Midtown Jamboree

Why let a few conflicts of interest get in the way of a grand redevelopment scheme?

Next month, the cash-strapped Houston Independent School District -- which lately can't seem to generate much sympathy for its own plight -- is expected to give a huge financial boost to the single largest redevelopment project in city history.

Trustees will consider forfeiting nearly $100 million in future HISD property-tax revenues to the Midtown Redevelopment Authority, a public-private venture to revitalize a 600-acre stretch of bleak real estate between downtown and the Medical Center.

The school board's decision is critical to the Midtown plan. According to the authority's projections, participation by HISD would nearly double the amount of money available for the redevelopment effort. It is further hoped that support from trustees will draw a few deep-pocket developers out of hiding.

"It's there," says Charles LeBlanc, executive director of the Midtown Redevelopment Authority. "It's going to happen."

Beneath LeBlanc's conviction, however, lies a palpable uneasiness. Indeed, the approval of HISD trustees is the only thing standing between the potential rebirth of Midtown and the total collapse of the redevelopment plan, which was authorized in December 1994, when City Council approved the creation of a tax increment financing district, or TIF, for the area.

Under the TIF, property tax assessments on roughly 1.5 square miles of Midtown land have been frozen for 30 years; any subsequent increases in tax value -- the so-called increment -- are directed to a trust fund, which is to be used for street and utility improvements within the district. Inspired by city contractors building sidewalks and laying sewer lines, private developers will flood Midtown with new construction projects, which will generate even more property-tax revenue for further public improvements -- or so the logic goes.

But to date, about the only thing that's been generated by the Midtown Redevelopment Authority is debt. Last December, the authority borrowed $250,000 in public money from the Houston Housing Finance Corporation, a quasi-governmental agency created by City Council in 1979 to finance low- and moderate-income housing. That loan comes due next month, but the entire note will have to be extended for another year.

Last week, Reliable Life Insurance Company, a St. Louis-based corporation that owns large tracts of land in Midtown, agreed to loan the authority another $250,000. Midtown's nine-member board of directors had asked for $500,000, but after some discussion, the insurance company agreed to fund only half the requested amount. The other half is contingent upon HISD joining the Midtown project.

Both the HHFC and Reliable Life notes are secured by future increments, but so far, the incremental increases have been barely enough to cover the Midtown authority's annual interest. With only the city and county contributing, the TIF realized just $30,000 in new revenue in 1995, its first full year -- almost 70 percent less than projected. Admittedly, any increment is a shuffle in the right direction. But at that rate, Midtown's 1,350 landowners can only hope their heirs live long enough to see the $350 million in new tax revenues projected for the area. (The poor first-year increment convinced at least one bank to reject the redevelopment authority's application for another $500,000 loan.)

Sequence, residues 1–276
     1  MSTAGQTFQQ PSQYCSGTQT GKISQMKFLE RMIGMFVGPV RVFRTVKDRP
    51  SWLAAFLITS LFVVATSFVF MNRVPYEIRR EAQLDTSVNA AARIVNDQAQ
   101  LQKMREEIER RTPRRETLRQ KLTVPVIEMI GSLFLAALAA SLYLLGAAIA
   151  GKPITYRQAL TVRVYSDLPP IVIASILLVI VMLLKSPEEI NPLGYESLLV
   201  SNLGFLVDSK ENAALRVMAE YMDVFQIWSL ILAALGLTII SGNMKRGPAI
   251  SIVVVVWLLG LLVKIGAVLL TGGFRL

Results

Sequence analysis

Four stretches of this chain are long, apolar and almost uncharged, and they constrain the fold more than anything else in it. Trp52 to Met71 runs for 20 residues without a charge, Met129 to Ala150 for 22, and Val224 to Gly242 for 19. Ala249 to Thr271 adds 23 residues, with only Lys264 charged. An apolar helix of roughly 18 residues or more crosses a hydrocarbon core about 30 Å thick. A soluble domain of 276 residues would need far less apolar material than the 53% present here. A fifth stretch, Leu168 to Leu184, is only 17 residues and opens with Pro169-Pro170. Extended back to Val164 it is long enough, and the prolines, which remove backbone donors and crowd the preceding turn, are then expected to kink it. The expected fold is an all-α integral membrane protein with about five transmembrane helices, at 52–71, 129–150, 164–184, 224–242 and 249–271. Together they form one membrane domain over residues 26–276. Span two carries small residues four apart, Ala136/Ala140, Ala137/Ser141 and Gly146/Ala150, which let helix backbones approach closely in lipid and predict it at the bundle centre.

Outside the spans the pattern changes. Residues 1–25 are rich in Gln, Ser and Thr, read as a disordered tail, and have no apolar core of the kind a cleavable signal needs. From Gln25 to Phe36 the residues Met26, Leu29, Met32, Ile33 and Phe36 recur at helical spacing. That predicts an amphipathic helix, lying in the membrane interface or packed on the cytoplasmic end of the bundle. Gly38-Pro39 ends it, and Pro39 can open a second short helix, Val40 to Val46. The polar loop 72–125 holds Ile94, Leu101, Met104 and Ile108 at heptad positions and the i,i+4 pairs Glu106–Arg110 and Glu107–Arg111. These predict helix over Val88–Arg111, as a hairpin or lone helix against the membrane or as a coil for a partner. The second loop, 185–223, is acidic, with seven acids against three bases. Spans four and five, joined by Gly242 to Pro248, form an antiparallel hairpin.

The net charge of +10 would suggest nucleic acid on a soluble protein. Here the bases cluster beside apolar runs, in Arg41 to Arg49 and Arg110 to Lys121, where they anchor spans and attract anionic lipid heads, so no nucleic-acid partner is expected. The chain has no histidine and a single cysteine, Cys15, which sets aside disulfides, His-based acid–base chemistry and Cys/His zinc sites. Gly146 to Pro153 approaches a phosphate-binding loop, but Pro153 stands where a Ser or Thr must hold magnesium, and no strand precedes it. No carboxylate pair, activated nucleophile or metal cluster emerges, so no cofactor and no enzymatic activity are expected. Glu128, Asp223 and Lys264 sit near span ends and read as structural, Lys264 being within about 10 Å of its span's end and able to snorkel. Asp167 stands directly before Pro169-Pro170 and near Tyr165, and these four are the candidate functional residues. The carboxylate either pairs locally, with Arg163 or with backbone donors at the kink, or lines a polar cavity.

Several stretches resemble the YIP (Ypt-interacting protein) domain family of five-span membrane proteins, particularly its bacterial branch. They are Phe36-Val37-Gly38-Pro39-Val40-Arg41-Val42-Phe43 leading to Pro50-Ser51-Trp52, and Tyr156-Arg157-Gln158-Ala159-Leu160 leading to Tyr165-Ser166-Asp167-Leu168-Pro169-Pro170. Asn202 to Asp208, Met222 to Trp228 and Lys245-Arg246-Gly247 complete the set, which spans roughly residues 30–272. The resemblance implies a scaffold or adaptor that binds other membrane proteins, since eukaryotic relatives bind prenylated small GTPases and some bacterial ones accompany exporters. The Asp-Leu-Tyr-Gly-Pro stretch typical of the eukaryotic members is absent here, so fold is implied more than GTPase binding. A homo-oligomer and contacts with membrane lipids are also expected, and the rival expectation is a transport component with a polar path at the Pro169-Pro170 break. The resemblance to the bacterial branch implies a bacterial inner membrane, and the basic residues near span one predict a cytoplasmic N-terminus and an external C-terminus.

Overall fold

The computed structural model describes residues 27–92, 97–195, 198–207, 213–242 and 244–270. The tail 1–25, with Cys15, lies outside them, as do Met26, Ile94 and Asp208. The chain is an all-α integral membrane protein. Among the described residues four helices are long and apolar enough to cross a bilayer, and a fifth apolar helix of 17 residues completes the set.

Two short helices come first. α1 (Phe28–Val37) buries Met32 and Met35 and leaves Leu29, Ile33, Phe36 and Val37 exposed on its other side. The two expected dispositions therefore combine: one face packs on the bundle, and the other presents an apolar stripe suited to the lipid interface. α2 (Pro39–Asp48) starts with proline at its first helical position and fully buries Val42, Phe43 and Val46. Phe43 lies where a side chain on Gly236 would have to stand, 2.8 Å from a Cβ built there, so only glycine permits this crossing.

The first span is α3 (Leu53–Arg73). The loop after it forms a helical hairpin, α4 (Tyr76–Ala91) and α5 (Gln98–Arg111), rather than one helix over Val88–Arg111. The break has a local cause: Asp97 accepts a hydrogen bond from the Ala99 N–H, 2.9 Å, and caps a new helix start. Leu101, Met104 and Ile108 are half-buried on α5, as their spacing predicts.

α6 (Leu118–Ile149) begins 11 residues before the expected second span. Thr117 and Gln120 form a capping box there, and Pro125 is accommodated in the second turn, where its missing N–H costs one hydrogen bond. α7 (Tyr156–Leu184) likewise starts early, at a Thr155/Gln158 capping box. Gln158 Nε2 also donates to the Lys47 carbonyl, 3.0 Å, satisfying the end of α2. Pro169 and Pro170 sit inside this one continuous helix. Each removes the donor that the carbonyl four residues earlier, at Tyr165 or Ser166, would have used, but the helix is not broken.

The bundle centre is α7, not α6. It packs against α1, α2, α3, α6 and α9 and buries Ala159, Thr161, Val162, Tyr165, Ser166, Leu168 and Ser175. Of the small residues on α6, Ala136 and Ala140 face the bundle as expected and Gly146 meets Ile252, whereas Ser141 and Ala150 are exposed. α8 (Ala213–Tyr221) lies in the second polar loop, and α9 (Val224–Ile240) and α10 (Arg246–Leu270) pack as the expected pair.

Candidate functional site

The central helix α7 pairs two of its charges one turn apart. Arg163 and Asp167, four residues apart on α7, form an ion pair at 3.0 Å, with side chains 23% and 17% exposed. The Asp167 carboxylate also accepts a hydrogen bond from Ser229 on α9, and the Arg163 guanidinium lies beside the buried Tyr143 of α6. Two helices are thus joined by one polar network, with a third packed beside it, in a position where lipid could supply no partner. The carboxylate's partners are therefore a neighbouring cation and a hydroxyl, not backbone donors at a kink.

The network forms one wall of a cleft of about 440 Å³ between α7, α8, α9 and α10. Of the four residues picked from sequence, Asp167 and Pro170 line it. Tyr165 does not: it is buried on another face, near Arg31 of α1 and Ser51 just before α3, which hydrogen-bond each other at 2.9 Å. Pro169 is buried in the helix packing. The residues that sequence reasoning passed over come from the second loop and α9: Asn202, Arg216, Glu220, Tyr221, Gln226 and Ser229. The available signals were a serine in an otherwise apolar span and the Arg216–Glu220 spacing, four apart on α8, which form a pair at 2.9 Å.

If the school district comes aboard, revenue to the TIF would increase from $1.03 per $100 valuation to $1.99. If it doesn't, LeBlanc says, "We're basically talking about doubling the time it takes to reach our projections."

HISD's decision is also a matter of no small import to the planners, architects, financial advisors and other consultants who since 1991 have been putting together an aggressive land-use plan for Midtown. As of this May, most of those consultants had not been paid, and the redevelopment authority owed them almost $400,000 in outstanding fees. In hopes of getting something for their labor, the consultants have agreed to accept about 40 cents on the dollar. Still, neither that settlement nor additional expenses incurred since then have been paid.

Large amounts of debt are not uncommon following the creation of a TIF. Usually, however, the creditors aren't consultants, but investors who buy bonds issued to fund the initial infrastructure improvements. Such was the case of the city's first TIF, the Galleria-area Lamar Terrace, which sold about $2.5 million in bonds to pay for road and sewer repairs.

Without the benefit of bond revenue to entice eager developers, however, the Midtown Redevelopment Authority is, as LeBlanc described it, "a bootstrap, broke organization barely making it from month to month."

That's something HISD might decide it could live with; after all, the situation can't get much worse, and if it does, there simply won't be any future revenue to lose. What should be more troubling for the school district are the ethical questions that shadow the Midtown Redevelopment Authority's operation. Though ostensibly controlled by a nine-person board, the authority is dominated by two men whose professional responsibilities on behalf of the TIF overlap to a nagging degree with their personal interests.

Doug Williams, chairman of the redevelopment authority's board of directors, was a top fundraiser for Bob Lanier during his first mayoral campaign in 1991. Following Lanier's election, Williams was named executive director of the Greater Houston Wastewater Program, where he supervised the performance of the city's management contractor, Montgomery-Watson Americas. After a stint as the city's chief building official, Williams left the city for the private sector in early 1995.

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